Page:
Avina signs up Offtakers for 100% of future Green Ammonia production in Texas

Dec. 12, 2022
Once operational, Avina hopes that the facility will make US a key exporter of green ammonia to global markets such as Asia, Europe and South America.The plant is part of the company’s plans to invest $1 billion in hydrogen and green ammonia facilities

Green hydrogen platform Avina Clean Hydrogen has inked long-term offtake agreements for the entire production from the first phase of the green ammonia facility currently under development on the Texas Gulf Coast.

Powered with 100% renewable power, the facility is expected to begin operations in 2025 and produce 100,000 metric tons of green ammonia under the first phase, Avina says. Total capacity will be increased to 700,000 metric tons per year in the second phase, it adds.

Once operational, Avina hopes that the facility will make US a key exporter of green ammonia to global markets such as Asia, Europe and South America.

The plant is part of the company’s plans to invest $1 billion in hydrogen and green ammonia facilities by 2025. Additionally, Avina says it has a pipeline of a further 1.5 GW of renewable energy assets that can be transformed into green hydrogen projects.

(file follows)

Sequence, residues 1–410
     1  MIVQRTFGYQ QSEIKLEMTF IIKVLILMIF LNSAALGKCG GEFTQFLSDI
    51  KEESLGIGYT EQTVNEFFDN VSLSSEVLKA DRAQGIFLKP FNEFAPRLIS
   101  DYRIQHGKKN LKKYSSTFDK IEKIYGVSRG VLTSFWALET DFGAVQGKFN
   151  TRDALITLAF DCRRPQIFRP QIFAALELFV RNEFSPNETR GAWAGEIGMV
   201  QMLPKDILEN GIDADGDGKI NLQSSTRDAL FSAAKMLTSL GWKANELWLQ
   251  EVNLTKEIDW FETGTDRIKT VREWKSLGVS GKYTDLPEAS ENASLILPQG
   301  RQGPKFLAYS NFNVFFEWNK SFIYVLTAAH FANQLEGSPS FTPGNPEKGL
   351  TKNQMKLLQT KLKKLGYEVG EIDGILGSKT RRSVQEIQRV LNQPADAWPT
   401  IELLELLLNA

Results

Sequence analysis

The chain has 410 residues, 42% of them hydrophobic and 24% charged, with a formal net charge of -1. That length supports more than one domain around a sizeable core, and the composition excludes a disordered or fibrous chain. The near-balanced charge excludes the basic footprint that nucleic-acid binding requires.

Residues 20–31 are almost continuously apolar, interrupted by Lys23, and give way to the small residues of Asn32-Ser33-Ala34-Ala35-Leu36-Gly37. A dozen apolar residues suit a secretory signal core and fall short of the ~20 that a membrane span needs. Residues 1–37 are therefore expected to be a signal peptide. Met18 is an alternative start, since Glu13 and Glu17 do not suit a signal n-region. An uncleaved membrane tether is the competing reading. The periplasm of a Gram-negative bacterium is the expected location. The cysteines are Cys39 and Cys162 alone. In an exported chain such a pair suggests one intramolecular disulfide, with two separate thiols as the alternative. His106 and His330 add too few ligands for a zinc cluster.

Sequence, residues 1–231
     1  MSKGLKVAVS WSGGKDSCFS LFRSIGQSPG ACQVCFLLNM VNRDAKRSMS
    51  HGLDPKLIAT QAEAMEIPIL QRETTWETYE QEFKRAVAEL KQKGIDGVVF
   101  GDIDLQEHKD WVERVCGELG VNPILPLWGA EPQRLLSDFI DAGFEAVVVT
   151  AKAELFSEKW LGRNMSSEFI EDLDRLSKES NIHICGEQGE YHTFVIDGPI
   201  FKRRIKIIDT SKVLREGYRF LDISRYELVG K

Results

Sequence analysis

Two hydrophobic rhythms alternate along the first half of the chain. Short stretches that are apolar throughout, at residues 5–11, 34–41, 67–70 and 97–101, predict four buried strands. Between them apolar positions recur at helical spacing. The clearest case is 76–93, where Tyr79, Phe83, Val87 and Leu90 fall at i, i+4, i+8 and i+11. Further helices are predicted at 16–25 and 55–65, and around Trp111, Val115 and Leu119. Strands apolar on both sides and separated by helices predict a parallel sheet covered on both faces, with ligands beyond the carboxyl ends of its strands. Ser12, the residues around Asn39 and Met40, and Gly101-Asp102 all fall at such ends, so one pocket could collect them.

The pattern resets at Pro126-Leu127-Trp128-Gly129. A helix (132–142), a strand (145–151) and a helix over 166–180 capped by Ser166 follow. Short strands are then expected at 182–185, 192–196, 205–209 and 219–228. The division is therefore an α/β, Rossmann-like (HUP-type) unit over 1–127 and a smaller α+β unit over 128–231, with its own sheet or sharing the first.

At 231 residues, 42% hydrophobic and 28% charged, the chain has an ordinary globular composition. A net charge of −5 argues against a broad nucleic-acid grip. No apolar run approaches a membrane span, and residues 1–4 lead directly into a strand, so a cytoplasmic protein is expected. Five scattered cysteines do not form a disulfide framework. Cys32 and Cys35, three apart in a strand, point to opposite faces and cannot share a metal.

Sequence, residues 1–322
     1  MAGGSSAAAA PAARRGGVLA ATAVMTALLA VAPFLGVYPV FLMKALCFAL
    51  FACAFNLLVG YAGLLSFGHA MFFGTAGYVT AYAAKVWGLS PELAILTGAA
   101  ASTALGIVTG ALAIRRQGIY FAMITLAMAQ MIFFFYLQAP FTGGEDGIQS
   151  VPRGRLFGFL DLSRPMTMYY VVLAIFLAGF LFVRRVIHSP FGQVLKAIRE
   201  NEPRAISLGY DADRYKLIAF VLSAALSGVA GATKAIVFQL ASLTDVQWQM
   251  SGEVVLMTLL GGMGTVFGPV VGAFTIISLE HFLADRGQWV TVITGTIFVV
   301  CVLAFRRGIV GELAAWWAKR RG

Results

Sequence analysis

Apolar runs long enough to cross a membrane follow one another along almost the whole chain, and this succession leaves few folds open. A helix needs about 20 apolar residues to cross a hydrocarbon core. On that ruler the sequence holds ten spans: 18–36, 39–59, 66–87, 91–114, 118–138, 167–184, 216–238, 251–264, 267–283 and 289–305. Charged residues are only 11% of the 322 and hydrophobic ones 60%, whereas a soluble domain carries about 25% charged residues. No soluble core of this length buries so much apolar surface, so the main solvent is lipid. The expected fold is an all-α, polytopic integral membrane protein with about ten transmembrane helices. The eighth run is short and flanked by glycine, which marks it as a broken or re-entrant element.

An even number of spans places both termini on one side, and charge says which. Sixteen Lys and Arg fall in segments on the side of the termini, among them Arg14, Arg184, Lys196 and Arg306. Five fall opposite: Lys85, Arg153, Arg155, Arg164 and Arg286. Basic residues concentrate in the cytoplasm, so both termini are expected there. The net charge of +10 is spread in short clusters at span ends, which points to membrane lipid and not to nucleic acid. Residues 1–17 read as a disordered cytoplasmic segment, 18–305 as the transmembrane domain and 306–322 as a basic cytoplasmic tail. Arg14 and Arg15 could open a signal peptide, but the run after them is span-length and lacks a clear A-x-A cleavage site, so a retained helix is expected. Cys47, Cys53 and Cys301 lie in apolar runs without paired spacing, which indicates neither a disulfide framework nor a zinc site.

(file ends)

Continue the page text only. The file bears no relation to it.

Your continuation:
“This is a significant milestone for our green ammonia facility that has been under development for more than 18 months now. With abundant renewable energy resources and best-in-class maritime infrastructure, the Texas Gulf Coast region is an ideal location for this production facility,” said Vishal Shah, Founder and CEO of Avina Clean Hydrogen.

Avina aims to expand the use cases for renewables by leveraging low-cost renewable electrons and turning them into higher value green molecules.

Green ammonia (NH3) can be created from water electrolysis, powered by renewable electrolysis, and nitrogen separated from the air. Ammonia has four hydrogen atoms and one nitrogen. The traditional, carbon intensive way to create ammonia is through steam methane reforming to make hydrogen and create the NH3 from that.  

Ammonia is used to make fertilizers for agriculture and an energy carrier. Up to 20 percent of greenhouse gas emissions come from the agriculture industry or land use sector, according to reports.